Today was the second last day on site. Despite the start of the process of covering up the site in earnest, we nevertheless still carried out some exciting work.
In the broch, yesterday’s blogger; Jo, continued to take special micromorphology samples from the floors. Working in the ‘central passageway’, which is a kind of corridor space that permitted the occupants to access several rooms set against the southern side of the broch, Jo was able to take a sample and reveal a lovely floor deposit underlying the dark, organic occupation deposits. This is really good news because it means that almost all of the areas that we have investigated floors across the whole of the eastern and central areas of the broch we have this fairly standard process of floor-making in evidence. What happens is that nice clean clay floors are laid down, presumably as a kind of beaten earth floor and then these floors are lived and worked upon. This human activity then produces detritus and organics that come to look like thick black charcoal rich deposits. These contain wonderfully rich sources of info’ about how people used the broch.
Today when Jo was working in the floors she also found a piece of unburnt wood in one of the dark lenses of occupation. This is a very unusual find as, obviously, wood that hasn’t been charcoaled is prone to decay!
Elsewhere in the broch, in the western zone, work on the occupation deposits around the late hearth, produced lots of antler, including what appeared to be an antler tool, perhaps for tending the hearth, as well as lots of other animal bones, and what appears to be the edges of an earlier, probably more formal hearth underlying beginning to emerge.
We will be concentrating on the final cover up of the site tomorrow, so only a few things require to be completed and recorded now- but it has been a very good season, and I’ll be rounding that up in tomorrow’s blog. Tomorrow we’ll also tell you about all the fascinating geophysical survey that has been happening at the site while we’ve been digging.
But as a treat here’s an extra blog piece from Rik Hammond below. Rik’s an artist that has been working alongside us on site for several years.
Martin Carruthers, Site Director.
My name is Rik Hammond and I’m a visual artist based in St Margaret’s Hope – just up the road from The Cairns, here in South Ronaldsay.
Much of my practice focuses on the archaeological landscape of Orkney (including sites such as The Cairns and Ness of Brodgar) and I’ve been coming along to The Cairns – to observe, interact with and record the site and team – for several years now.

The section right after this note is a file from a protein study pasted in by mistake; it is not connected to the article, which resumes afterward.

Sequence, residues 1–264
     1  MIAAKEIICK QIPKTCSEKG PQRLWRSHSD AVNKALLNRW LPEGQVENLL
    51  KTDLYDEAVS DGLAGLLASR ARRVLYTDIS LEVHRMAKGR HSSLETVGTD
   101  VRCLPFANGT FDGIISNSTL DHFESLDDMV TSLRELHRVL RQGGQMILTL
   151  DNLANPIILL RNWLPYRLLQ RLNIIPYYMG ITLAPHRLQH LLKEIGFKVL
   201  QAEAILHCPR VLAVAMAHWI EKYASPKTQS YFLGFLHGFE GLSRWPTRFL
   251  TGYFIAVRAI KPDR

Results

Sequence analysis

Often I’ll be found atop the spoil heap, drawing, or recording aspects of the site and surrounding landscape using photography, video and GPS. Alongside developing creative work at sites such as The Cairns, I co-direct the Yesnaby Art & Archaeology Research Project (YAARP –www.yaarp.org.uk), in partnership with Dr James Moore
at the University of the Highlands & Islands Archaeology Institute.
YAARP is a multi-year,interdisciplinary, team-based project focusing on the landscape, archaeology and (pre)history of the township of Yesnaby, on the west coast of the Orkney Mainland. Being on site at excavations such as The Cairns offers us the opportunity to develop an ongoing dialogue and potential collaborations with archaeologists in regards to projects such as YAARP.
This season, in addition to my regular work, I’ve been spending some time conducting aerial photography tests of the site – with some of the YAARP and Cairns team, using the YAARP UAV (aka ‘drone’) – to provide Martin with some up to date aerial photographs of the site, as well as getting some more airtime in prior to our YAARP fieldwork in August.
It’s also been an opportunity to think about ways to visualise a site and landscape, and ways we can then map and model aspects of the landscape digitally (for example using photogrammetry and 3d modelling). I even got the chance to digitally record Jim Bright, an Archaeology Masters student at UHI – aka the on-site ‘digital archaeologist’ – creating a 3d model of him in a similar way to how he himself has been recording the site and artefacts this season.
Between now and next year, I’ll be back in the studio, developing new work – both in traditional and digital media – in response to my time here again at The Cairns. You can keep up to date with my ongoing practice at www.rikhammond.com and on my Facebook Page at www.facebook.com/rikhammond.artist.
Finally, I’d like to thank Martin and his team for welcoming me to site yet again and making me feel very much part of the ongoing research here at The Cairns.